Cornish native oysters anyone?

Catching a tasty lunch in Cornwall.

Avast, I have a nautical tale to tell. After years of telling all and sundry how much I would like the chance of going in a traditional Falmouth oyster dredger, I finally had the opportunity. Last weekend may have been Easter for most, but for us lot down here – it’s the bank holiday that happened to fall this year on the last day of the oyster dredging season.

If you don’t know, Falmouth oysters are the last to be dredged the proper way – under oar or sail. Dredges are small and restrictions on fishing imposed by the wind and weather make this possibly the oldest sustainable fishery in the land.

Alf-smythers

I went in the Ivy – not the the Alf Smythers (the boat in the photo), but both boats are run by Chris Ranger of Cornish Native Oysters. I was blown away by how stable the boat was – admittedly we weren’t carrying a great deal of sail, but well – it was brilliant.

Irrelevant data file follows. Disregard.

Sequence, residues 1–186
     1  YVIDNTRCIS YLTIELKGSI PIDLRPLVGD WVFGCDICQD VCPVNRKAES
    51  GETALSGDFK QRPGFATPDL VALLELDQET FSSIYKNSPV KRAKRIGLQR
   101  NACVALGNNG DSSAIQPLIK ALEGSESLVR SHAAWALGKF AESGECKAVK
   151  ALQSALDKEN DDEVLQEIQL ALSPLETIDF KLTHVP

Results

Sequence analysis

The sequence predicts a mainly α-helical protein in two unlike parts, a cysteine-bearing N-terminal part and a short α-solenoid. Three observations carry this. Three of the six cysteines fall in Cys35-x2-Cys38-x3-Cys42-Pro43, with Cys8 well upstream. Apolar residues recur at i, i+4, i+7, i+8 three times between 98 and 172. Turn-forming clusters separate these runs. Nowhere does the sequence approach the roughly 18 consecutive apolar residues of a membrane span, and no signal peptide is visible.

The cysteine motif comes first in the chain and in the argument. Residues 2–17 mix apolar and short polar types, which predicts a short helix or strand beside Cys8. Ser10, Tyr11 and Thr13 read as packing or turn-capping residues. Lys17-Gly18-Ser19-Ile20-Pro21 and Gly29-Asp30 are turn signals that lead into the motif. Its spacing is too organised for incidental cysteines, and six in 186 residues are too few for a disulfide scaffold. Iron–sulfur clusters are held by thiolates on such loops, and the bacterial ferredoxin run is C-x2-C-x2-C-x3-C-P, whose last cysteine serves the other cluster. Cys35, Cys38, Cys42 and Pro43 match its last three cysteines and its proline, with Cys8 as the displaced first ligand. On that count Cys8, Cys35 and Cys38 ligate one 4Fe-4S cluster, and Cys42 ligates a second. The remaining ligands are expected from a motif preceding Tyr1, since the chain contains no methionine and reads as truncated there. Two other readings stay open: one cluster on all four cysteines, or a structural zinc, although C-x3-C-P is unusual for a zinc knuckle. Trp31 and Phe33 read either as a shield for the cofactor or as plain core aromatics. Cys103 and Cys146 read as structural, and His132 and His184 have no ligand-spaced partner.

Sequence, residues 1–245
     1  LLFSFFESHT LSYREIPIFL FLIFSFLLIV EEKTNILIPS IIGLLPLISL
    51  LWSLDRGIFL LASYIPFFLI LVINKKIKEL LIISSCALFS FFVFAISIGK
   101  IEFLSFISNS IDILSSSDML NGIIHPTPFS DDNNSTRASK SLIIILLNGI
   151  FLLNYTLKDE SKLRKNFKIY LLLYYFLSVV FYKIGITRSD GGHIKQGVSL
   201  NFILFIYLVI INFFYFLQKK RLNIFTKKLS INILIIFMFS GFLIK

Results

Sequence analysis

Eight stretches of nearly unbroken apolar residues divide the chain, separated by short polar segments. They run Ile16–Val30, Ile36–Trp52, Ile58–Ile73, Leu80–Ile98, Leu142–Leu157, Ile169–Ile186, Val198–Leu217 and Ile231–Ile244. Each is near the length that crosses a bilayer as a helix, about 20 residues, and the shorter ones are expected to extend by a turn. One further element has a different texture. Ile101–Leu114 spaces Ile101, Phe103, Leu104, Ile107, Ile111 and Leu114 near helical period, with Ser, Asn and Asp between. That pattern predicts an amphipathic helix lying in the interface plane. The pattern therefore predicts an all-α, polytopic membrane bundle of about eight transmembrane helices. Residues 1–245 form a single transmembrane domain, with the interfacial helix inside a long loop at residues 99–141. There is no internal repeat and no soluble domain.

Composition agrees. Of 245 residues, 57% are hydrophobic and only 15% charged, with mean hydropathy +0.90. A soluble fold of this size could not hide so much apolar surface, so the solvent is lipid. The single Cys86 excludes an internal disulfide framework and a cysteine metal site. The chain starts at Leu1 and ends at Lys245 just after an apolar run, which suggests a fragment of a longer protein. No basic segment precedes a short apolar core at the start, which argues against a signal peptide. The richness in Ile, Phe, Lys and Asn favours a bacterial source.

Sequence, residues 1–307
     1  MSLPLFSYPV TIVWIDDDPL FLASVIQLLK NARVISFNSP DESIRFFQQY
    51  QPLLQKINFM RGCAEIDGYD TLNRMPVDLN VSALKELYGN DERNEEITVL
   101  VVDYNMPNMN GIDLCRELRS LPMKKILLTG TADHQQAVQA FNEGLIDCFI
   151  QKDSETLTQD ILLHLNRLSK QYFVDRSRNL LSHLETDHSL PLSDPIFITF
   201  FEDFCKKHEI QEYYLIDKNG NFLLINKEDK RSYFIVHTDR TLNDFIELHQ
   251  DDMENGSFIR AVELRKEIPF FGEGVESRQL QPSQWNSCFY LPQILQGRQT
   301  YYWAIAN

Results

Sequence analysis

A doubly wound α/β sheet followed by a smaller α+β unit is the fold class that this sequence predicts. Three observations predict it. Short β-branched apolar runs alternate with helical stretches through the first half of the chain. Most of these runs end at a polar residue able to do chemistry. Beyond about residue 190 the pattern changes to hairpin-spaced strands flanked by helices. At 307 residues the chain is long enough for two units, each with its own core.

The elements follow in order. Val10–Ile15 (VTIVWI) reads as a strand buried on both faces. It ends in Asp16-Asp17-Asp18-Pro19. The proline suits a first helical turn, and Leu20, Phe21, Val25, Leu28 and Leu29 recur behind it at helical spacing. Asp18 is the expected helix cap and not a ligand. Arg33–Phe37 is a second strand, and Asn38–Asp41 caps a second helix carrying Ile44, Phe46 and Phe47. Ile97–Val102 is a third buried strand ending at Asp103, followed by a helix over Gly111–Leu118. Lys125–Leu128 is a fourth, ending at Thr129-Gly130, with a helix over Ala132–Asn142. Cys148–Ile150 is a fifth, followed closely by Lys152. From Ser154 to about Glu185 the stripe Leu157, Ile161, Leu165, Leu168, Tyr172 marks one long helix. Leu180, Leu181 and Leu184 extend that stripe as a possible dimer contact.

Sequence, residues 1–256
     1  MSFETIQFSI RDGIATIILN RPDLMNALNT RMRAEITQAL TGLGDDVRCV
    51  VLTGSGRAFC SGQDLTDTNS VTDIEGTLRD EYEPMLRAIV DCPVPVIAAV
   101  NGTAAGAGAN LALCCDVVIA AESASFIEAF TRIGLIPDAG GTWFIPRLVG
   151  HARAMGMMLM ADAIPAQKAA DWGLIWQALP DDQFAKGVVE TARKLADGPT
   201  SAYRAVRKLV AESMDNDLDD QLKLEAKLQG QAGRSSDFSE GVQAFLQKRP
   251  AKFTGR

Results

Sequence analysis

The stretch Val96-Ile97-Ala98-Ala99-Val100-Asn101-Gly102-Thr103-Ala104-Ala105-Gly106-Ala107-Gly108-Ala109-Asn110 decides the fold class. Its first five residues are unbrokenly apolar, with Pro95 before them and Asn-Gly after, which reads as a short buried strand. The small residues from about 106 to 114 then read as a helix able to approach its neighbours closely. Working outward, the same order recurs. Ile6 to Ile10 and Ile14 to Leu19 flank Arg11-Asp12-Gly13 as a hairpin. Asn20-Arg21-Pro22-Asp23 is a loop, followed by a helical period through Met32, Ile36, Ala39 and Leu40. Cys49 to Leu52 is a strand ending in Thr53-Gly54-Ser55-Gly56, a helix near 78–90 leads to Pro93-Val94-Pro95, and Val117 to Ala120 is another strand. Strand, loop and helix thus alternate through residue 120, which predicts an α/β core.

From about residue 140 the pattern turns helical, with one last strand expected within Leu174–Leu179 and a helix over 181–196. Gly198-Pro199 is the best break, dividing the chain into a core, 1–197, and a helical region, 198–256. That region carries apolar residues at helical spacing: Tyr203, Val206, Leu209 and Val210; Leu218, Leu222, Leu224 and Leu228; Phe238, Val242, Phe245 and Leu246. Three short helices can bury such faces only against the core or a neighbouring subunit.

We sailed from Mylor, headed up wind, then pretty much drifted back downwind and dredged. In all we spent about an hour chucking the dredges over the side, pulling them in and sorting the goodies from the ‘cultch’ – hard work but I have to say – I really enjoyed it. I knew I would.

Then we went aground. An occupational hazard I guess you could say. But luckily for us, we only had to wait about forty minutes for the tide to come back in, and then it was off to Flushing with our haul of…ahem…eleven oysters. There we found the ‘Oyster gathering’ in full flow. Beer, friends and a very tasty pheasant burger made a very satisfying end to a great day.

Many thanks to Chris and skipper, Mike for a glimpse of a way of life that might not make you rich but is in fact all the richer for that.

And next season – you never know – I may be asking if you need any crew.

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